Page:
For many of us, traveling around the world with our cameras, meeting tons of interesting people, and getting to eat some of the best cuisine in the world sounds like a dream job. If you're curious about what that's like, just ask award-winning DP Zach Zamboni, who heads up the cinematography on CNN's Anthony Bourdain: Parts Unknown. In fact, why don't you just check out his masterclass on cinematography, presented by AbelCine, in association with Sony, in which he discusses working with the Sony F5, using S-Log, basic documentary film theory, and many other cinematographic tricks of the trade.
First of all, if you're not familiar with Anthony Bourdain: Parts Unknown, here's a quick trailer for the episode that highlighted Myanmar.
Since this is a documentary-style TV show, a lot of what Zamboni discusses directly relates to documentarians, but most, if not all of it translates to narrative filmmakers as well. He explains several theories that form the foundation of documentary filmmaking, one of the most important to cinematography being how to record life. When a cinematographer first looks at his/her project, several non-technical areas have to be considered, like what genre of documentary is being shot (docudrama, nature, reality) and what style best fits with the director's vision.
(A quick side note -- much of the information I received in about 6 months of documentary courses in college is provided by Zamboni in less than a half an hour -- just to put it into perspective.)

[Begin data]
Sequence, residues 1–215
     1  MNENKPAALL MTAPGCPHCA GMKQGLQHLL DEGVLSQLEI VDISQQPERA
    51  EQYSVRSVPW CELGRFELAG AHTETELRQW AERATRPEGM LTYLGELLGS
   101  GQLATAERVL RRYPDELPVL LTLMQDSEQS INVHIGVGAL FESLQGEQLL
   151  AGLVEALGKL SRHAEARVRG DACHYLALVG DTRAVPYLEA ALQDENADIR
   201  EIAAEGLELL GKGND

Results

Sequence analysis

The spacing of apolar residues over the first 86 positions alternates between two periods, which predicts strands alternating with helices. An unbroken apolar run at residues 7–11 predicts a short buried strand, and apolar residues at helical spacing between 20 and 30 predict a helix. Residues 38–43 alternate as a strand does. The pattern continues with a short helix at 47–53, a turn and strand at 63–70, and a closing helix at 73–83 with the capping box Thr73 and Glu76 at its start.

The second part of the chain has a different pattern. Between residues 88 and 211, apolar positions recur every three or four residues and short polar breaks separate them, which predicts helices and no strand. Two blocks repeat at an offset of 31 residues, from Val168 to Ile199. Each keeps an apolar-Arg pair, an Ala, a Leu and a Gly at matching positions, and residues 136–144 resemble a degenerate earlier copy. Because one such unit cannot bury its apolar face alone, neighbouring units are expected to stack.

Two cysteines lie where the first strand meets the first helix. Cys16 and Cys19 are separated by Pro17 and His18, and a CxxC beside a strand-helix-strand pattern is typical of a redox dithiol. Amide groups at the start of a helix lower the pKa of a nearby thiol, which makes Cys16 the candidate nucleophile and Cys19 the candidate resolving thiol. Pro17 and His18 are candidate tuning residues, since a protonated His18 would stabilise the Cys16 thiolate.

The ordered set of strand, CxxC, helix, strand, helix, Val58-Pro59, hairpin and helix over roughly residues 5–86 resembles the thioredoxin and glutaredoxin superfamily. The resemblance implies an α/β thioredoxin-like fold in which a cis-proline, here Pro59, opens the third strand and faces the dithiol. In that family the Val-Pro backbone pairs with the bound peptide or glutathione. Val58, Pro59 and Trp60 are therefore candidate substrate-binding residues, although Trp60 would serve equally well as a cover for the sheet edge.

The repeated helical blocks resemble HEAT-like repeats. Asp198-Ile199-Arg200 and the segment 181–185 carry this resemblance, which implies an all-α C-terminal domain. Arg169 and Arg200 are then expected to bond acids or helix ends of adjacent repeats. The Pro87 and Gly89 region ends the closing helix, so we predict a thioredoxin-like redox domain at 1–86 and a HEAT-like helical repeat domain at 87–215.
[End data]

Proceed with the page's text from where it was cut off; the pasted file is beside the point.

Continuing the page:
In the first 27 minutes or so of Zamboni's talk, he shares the major tenets of documentary filmmaking. One thing that most know but don't really know until they're in the thick of production is just how unpredictable shooting documentary material really is. Zamboni shares the different techniques he utilizes to counteract these variables while still managing to engaging your subject and, in turn, your audience. He describes blocking for light, using different lenses, and finally, the segue into his next topic, using the Sony F5.
Check out Zach Zamboni's cinematography masterclass below. (It's over 2 hours long, but definitely worth the time commitment.)
What stood out to you from Zamboni's masterclass? What lessons on documentary filmmaking have you learned that you'd like to share? Zamboni uses the F5 -- what cameras do you swear by for filming documentaries? Let us know in the comments below.